Wednesday, March 3, 2010
Of Vulnerable Monopolists?: Questionable Innovation in the Standard for Class Certification in Antitrust Cases
Posted by D. Daniel Sokol
Joshua P. Davis, University of San Francisco - School of Law and Eric L. Cramer, Berger & Montague have an interesting new paper titled Of Vulnerable Monopolists?: Questionable Innovation in the Standard for Class Certification in Antitrust Cases.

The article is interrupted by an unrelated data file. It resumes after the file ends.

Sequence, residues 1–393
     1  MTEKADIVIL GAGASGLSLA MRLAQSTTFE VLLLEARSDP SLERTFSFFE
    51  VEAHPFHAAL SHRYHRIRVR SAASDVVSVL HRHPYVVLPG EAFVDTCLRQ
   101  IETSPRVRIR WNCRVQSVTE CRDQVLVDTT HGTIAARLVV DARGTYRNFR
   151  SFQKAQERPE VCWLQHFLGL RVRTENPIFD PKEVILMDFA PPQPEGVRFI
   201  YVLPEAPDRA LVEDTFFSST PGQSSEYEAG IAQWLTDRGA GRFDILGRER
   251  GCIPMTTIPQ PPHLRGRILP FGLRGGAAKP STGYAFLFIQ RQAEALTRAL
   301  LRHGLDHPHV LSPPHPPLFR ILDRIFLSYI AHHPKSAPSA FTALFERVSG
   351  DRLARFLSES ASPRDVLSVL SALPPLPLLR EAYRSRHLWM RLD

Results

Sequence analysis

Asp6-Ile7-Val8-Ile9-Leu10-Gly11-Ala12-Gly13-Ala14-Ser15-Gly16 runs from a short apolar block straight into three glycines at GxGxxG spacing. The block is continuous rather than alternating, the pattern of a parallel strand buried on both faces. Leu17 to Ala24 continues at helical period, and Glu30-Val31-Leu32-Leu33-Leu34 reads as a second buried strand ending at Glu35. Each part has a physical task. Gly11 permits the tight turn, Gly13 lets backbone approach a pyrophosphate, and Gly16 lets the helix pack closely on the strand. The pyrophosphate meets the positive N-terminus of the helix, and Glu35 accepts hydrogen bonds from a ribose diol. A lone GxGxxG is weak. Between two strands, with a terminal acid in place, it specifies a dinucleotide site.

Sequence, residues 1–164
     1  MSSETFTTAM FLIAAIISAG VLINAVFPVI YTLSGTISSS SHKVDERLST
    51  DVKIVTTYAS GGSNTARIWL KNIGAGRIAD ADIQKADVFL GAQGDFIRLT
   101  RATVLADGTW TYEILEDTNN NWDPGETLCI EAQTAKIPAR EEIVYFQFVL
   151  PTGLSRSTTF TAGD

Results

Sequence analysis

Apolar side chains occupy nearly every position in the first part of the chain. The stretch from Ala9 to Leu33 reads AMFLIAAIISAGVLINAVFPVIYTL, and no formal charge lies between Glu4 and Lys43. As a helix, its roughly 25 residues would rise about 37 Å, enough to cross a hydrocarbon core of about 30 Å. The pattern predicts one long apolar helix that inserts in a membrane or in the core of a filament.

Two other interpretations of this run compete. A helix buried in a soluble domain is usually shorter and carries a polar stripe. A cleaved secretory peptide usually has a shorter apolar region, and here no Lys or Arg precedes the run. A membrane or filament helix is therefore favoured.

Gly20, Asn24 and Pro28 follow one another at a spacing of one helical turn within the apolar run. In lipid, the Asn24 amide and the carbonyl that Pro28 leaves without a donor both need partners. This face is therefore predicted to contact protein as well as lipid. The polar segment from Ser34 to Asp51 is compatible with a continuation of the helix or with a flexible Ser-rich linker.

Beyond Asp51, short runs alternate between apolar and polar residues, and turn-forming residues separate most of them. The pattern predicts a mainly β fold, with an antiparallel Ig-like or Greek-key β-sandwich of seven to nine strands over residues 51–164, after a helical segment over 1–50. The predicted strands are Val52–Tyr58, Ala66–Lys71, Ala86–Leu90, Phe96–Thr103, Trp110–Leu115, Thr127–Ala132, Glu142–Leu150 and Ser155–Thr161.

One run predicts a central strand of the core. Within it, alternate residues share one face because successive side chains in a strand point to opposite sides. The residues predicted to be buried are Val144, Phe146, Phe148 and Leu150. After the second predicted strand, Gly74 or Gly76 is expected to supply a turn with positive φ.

ABSTRACT: Some courts appear to have begun to revise the standard for granting class certification, including in antitrust cases. The new standard, if there is one, may empower courts to find facts relevant to the merits in a way that historically they have not been permitted to do. If courts are ratcheting up the standard at class certification by forcing plaintiffs to make a showing on the merits, then it seems an unfortunate development for various reasons. First, the rationale for the change is unsubstantiated and implausible. Neither theory nor evidence supports the claim that corporations settle meritless class actions with any frequency, particularly in antitrust. Second, a heightened certification standard fits poorly in the existing procedural framework, potentially forcing a decision on the merits prematurely and possibly violating the Seventh Amendment. Third, such a standard may distort other aspects of the class certification decision. In particular, it may encourage courts to put undue emphasis on methods of proving class-wide injury, or “common impact,” at class certification. Fourth, the new standard would involve a back-door change to the procedural rules. Rule 23 does not contemplate that judges will rule on merits issues at class certification. If some modification of the class certification process is in order - if a procedural decision is going to morph into a merits determination - courts should follow the right method of effecting that change, including careful deliberation, empirical study, and a formal amendment to the Federal Rules of Civil Procedure.